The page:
MalaCards based summary : Paroxysmal Exertion-Induced Dyskinesia, also known as dystonia 18, is related to epilepsy, rolandic, with paroxysmal exercise-induced dystonia and writer's cramp and glut1 deficiency syndrome 2, and has symptoms including action tremor An important gene associated with Paroxysmal Exertion-Induced Dyskinesia is SLC2A1 (Solute Carrier Family 2 Member 1). Affiliated tissues include testes and brain, and related phenotypes are aggressive behavior and irritability

Related Diseases for Paroxysmal Exertion-Induced Dyskinesia

Diseases related to Paroxysmal Exertion-Induced Dyskinesia via text searches within MalaCards or GeneCards Suite gene sharing:

# Related Disease Score Top Affiliating Genes
1 epilepsy, rolandic, with paroxysmal exercise-induced dystonia and writer's cramp 12.5
2 glut1 deficiency syndrome 2 11.9
3 convulsions, familial infantile, with paroxysmal choreoathetosis 11.3
4 hemolytic anemia 10.0

Symptoms & Phenotypes for Paroxysmal Exertion-Induced Dyskinesia

Human phenotypes related to Paroxysmal Exertion-Induced Dyskinesia:

32 (show all 12)
# Description HPO Frequency HPO Source Accession
1 aggressive behavior 32 occasional (7.5%) HP:0000718
2 irritability 32 occasional (7.5%) HP:0000737
3 ataxia 32 occasional (7.5%) HP:0001251
4 intellectual disability, mild 32 very rare (1%) HP:0001256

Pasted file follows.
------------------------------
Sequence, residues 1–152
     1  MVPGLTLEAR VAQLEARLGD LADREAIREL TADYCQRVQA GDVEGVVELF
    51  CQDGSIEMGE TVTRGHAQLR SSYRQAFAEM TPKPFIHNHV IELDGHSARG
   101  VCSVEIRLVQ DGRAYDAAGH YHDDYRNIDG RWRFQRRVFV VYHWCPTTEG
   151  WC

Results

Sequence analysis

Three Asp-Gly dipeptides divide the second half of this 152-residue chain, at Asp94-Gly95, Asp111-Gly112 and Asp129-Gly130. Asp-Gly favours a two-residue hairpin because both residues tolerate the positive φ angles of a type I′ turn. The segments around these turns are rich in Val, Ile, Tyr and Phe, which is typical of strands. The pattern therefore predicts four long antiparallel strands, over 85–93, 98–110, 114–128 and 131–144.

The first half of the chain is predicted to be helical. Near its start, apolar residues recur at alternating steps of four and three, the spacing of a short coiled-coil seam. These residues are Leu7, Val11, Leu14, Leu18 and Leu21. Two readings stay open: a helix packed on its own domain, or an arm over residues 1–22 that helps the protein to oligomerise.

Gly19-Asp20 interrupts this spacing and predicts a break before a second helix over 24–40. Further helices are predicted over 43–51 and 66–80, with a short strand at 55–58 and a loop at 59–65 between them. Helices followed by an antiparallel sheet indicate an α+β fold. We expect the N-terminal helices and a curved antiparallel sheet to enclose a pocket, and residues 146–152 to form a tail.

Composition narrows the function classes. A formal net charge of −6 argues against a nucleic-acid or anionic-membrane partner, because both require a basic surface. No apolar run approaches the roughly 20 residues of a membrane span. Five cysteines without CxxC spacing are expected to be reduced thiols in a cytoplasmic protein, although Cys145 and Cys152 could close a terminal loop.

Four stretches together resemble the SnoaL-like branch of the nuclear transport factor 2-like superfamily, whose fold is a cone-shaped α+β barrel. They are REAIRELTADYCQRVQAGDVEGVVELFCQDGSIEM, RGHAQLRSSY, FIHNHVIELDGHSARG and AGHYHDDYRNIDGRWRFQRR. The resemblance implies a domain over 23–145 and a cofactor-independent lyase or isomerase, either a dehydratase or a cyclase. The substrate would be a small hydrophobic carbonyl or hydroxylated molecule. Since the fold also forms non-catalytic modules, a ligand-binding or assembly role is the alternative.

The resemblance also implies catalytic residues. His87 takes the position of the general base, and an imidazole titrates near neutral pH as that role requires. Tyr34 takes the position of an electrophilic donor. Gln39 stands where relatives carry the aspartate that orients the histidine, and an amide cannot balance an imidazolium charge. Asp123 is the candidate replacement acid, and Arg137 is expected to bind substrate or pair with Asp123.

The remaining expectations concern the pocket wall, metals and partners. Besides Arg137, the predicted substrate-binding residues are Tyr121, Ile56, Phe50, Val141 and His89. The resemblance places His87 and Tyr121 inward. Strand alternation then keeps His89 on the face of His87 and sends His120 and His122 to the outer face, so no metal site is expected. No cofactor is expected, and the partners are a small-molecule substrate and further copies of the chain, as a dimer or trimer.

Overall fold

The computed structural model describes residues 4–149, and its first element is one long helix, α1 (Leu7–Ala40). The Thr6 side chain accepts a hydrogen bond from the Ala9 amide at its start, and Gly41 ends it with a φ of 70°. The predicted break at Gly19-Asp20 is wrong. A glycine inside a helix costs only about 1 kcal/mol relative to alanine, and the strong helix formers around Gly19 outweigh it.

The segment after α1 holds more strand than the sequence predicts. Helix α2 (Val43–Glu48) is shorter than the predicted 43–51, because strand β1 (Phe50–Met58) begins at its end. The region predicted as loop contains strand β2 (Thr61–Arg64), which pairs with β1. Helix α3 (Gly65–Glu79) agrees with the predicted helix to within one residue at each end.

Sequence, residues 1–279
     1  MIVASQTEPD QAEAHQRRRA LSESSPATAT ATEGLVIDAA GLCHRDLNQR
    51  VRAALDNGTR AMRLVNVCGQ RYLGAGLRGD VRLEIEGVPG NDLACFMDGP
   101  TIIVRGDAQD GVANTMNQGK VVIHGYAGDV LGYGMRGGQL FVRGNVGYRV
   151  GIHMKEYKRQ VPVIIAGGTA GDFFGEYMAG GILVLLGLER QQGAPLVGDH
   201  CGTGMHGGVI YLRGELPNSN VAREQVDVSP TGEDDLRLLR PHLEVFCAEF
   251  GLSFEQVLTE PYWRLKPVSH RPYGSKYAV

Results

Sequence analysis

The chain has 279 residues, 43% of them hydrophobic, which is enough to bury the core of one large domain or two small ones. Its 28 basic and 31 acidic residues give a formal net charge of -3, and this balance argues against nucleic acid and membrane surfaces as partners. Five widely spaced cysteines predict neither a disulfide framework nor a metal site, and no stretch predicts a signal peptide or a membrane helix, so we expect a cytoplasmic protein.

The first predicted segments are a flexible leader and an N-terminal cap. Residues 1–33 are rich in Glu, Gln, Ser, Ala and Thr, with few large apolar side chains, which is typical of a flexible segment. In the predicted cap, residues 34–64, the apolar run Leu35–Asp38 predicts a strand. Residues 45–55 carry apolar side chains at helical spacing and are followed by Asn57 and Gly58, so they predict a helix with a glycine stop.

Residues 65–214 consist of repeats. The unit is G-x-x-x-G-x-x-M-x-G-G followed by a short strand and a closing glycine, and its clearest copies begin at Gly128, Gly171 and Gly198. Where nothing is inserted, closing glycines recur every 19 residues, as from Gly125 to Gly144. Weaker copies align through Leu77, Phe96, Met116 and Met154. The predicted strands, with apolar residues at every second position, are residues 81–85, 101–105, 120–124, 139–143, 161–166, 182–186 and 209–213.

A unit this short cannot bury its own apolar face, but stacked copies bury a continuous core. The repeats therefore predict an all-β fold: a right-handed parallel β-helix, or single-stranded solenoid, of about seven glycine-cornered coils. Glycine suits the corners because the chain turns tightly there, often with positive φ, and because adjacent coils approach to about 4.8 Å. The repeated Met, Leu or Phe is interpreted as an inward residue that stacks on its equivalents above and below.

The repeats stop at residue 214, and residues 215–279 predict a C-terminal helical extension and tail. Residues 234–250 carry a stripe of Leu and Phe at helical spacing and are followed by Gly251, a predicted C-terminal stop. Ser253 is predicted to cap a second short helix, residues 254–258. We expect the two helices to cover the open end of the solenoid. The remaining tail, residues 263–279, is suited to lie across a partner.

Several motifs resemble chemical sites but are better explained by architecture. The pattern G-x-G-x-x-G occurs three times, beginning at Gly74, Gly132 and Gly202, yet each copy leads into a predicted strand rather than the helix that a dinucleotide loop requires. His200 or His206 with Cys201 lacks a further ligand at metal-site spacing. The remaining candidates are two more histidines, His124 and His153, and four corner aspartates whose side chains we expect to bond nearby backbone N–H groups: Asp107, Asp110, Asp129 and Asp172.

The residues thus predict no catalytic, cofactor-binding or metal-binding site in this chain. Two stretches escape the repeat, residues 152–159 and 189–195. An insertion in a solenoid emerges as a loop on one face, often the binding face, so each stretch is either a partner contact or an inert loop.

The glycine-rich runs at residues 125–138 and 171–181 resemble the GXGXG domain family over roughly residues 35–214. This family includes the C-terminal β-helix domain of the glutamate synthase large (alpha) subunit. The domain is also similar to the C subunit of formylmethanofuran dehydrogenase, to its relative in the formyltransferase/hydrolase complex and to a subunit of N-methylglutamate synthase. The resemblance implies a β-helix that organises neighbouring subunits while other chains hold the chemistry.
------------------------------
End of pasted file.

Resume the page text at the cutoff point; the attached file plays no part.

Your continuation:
5 choreoathetosis 32 hallmark (90%) HP:0001266
6 torsion dystonia 32 frequent (33%) HP:0001304
7 specific learning disability 32 occasional (7.5%) HP:0001328
8 lower limb spasticity 32 very rare (1%) HP:0002061
9 absence seizures 32 frequent (33%) HP:0002121
10 paresthesia 32 frequent (33%) HP:0003401
11 hyperactive deep tendon reflexes 32 frequent (33%) HP:0006801
12 paroxysmal dyskinesia 32 hallmark (90%) HP:0007166

UMLS symptoms related to Paroxysmal Exertion-Induced Dyskinesia:


action tremor

Drugs & Therapeutics for Paroxysmal Exertion-Induced Dyskinesia

Interventional clinical trials:


# Name Status NCT ID Phase Drugs
1 Plasticity in Cervical Dystonia Completed NCT00323765
2 Transcranial Magnetic Stimulation and Electrical Stimulation of Nerves to Study Focal Dystonia Completed NCT00050024
3 Neurophysiology of Task-Specificity of Focal Hand Dystonia Completed NCT00309010

Search NIH Clinical Center for Paroxysmal Exertion-Induced Dyskinesia

Genetic Tests for Paroxysmal Exertion-Induced Dyskinesia

Anatomical Context for Paroxysmal Exertion-Induced Dyskinesia

MalaCards organs/tissues related to Paroxysmal Exertion-Induced Dyskinesia:

41
Testes, Brain

Publications for Paroxysmal Exertion-Induced Dyskinesia

Articles related to Paroxysmal Exertion-Induced Dyskinesia:

# Title Authors Year
1
GLUT1 mutations are a cause of paroxysmal exertion-induced dyskinesias and induce hemolytic anemia by a cation leak. ( 18451999 )
2008

Variations for Paroxysmal Exertion-Induced Dyskinesia

Expression for Paroxysmal Exertion-Induced Dyskinesia

Search GEO for disease gene expression data for Paroxysmal Exertion-Induced Dyskinesia.

Pathways for Paroxysmal Exertion-Induced Dyskinesia

GO Terms for Paroxysmal Exertion-Induced Dyskinesia

Sources for Paroxysmal Exertion-Induced Dyskinesia

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70 SNOMED-CT via Orphanet
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74 UMLS via Orphanet